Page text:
on account of

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Alternative forms[edit]


on account of

  1. (idiomatic) Because of, due to, owing to.
    • 1842 August 29, Treaty of Nanking:
      [] and His Imperial Majesty further agrees to pay to the British Government the sum of Three Millions of dollars, on account of debts due to British subjects by some of the said Hong merchants (or Cohong), who have become insolvent, and who owe very large sums of money to subjects of Her Britannic Majesty.
  2. (idiomatic) For the sake of.

Usage notes[edit]

  • When the object of this preposition is brief and animate, the alternative construction on someone's account is often used instead. If the object is a personal pronoun, that construction is more common; for example, on my account is more common than on account of me.
  • Similarly, on that account, using that as a determiner, is more common than on account of that.


The translations below need to be checked and inserted above into the appropriate translation tables, removing any numbers. Numbers do not necessarily match those in definitions. See instructions at Wiktionary:Entry layout#Translations.


on account of

  1. (colloquial) On account of the fact that: because, since.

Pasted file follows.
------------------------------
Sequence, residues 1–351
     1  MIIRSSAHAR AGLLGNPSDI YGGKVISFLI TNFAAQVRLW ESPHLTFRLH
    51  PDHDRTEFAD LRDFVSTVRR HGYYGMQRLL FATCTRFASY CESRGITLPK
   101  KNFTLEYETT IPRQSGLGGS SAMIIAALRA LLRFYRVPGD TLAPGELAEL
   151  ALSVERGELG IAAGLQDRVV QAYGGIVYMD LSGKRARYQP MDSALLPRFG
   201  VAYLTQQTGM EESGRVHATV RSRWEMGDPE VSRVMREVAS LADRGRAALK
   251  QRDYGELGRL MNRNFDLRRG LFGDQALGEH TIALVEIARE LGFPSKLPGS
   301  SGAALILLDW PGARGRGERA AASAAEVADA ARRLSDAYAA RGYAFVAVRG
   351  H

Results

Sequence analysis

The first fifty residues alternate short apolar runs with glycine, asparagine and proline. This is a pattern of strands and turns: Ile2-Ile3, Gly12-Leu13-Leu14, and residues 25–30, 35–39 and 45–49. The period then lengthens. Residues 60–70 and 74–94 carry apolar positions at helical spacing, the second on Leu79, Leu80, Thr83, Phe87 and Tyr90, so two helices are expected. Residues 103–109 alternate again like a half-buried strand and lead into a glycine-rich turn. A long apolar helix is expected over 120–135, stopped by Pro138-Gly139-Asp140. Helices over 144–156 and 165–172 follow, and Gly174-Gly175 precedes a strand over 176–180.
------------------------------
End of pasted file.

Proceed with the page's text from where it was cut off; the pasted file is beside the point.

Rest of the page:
• 1998, Bill Bryson, A Walk in the Woods: Rediscovering America on the Appalachian Trail, Broadway Books (1999), →ISBN, page 213:
      [] I had a pretty good notion of the weather conditions generally, on account of I was out in them.
    • 1999, Craig S. Womack, Red on red: Native American literary separatism, University of Minnesota Press, →ISBN, page 216:
      Truth is I was the kind of fellow who people would run away from when they seen me coming on account of I was so full of facts and names and places and families I had to tell about.
    • 2015, Bill Bryson, The Road to Little Dribbling: More Notes from a Small Island (page 84)
      After that, I resumed walking, on account of it involves little contact with strangers.